Do You Value Your Time? Thank an Entrepreneur.

by | Sep 10, 2012 | Business Owners, Life Aspiration Planning, The Economy, Weekly Column | 14 comments

This morning I got up at 6:30 am. I took a hot shower, turned on the sprinkler to water the lawn, cooked an omelet for breakfast, put the dishes in the dishwasher, read The Wall Street Journal on my iPad while I enjoyed a cup of espresso, and answered five questions from my staff and clients via email. Then I got into my car and drove five miles to arrive at work at 7:45 am.

The point here isn’t that there’s anything exciting about my morning routine. It’s to emphasize how much our current technology allows one person to do in 75 ordinary minutes. Some of what I do every day, like getting to work in ten minutes or reading an East Coast newspaper the same day it’s published, would have taken hours or days to accomplish 100 years ago.

One of the greatest benefits we all receive from new inventions, discoveries, technology, and tools is time. The most valuable commodity a dollar can buy is time. Time to do what we want, when we want to do it. Time that allows us to easily provide for our day-to-day needs and frees us to develop and use our own particular skills.

Who do we have to thank for that gift of time? Entrepreneurs. Through their inventions and services, successful entrepreneurs don’t just make it possible for us to live more comfortably and have easy access to more goods and services. They create more time for all of us.

According to many politicians, the real problem with America is its entrepreneurs. If all those business people just paid more taxes, focused less on profitability, hired more people, and spent more money, all our problems would be solved.

I would suggest the opposite is true. Entrepreneurs are actually what is right with America. Instead of demonizing them, our politicians should support them in every manner possible. Entrepreneurs are the reason for our nation’s relatively high standard of living.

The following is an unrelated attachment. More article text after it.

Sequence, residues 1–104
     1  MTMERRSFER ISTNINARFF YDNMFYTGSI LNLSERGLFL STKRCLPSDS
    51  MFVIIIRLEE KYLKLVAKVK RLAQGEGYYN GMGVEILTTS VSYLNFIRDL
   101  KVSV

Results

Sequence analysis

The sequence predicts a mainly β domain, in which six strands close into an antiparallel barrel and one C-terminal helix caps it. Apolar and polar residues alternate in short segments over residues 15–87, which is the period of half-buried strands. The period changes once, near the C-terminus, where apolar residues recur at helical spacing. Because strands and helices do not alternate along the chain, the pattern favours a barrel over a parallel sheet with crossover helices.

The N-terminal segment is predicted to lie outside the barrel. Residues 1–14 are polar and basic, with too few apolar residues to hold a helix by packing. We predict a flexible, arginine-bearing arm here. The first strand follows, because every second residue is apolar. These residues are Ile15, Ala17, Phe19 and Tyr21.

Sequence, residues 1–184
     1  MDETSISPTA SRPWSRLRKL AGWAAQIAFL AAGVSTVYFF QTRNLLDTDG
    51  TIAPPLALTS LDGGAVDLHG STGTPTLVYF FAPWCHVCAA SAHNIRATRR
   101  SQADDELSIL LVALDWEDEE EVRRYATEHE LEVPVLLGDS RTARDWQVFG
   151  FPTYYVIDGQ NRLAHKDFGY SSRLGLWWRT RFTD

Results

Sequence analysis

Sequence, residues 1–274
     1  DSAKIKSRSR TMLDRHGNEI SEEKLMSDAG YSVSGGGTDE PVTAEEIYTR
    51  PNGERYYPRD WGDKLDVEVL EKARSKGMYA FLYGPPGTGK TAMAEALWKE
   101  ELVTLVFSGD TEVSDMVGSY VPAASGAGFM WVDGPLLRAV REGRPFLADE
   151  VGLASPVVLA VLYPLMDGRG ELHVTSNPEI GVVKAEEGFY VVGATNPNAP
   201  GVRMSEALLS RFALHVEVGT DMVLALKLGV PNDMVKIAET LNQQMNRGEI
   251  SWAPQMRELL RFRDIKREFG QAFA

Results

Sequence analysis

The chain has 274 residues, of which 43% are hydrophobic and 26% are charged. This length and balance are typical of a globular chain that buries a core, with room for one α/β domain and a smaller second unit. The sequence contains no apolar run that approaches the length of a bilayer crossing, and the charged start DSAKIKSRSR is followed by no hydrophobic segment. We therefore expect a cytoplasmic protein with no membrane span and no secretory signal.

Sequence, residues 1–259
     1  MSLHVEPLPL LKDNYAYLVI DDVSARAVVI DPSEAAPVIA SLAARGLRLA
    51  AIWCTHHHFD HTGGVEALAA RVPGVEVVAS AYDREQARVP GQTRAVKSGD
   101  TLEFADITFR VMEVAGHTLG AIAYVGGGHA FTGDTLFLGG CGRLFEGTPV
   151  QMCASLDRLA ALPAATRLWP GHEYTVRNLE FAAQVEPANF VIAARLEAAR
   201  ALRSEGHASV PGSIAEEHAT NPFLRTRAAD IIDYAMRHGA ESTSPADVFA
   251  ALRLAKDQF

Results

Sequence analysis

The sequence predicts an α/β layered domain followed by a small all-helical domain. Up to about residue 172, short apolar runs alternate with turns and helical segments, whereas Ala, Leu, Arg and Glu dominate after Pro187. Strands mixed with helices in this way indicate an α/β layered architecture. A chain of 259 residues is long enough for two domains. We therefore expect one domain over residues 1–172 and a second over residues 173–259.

Disdain of entrepreneurs shows an ignorance of how a successful economy works. Production drives an economy. Show me a nation where the government produces most of the goods and services, and I will show you a nation in poverty. Cuba comes to mind.

Certainly, governments do have an important role to play. They provide services and infrastructure that support and encourage entrepreneurship. To do so, governments must take a portion of the production of their citizens by requiring them to pay taxes. Therefore, citizens must sell their labor, goods, and services to acquire the country’s currency with which to pay their tax obligations.

A government must strike a fine balance in the amount of productivity it takes from its citizens and what it leaves them. Taking too much risks killing the golden goose of productivity. If entrepreneurs decide that what is left after paying taxes is not worth their capital, time, and risk, they will expend less effort and become less productive. Some will even move to countries that encourage productivity.

According to Adam Smith, “The real price of everything, what everything really costs to the man who wants to acquire it, is the toil and trouble of acquiring it.”

The work of entrepreneurs like Alexander Graham Bell, Thomas Edison, and Bill Gates continually reduces the toil and trouble it takes us to acquire goods and services. The enormous improvements in our standard of living over the past 100 years have come from the creativity and risk-taking of entrepreneurs. It is they who provide us with the most important form of wealth—more time to do what matters to us in our own pursuit of happiness.

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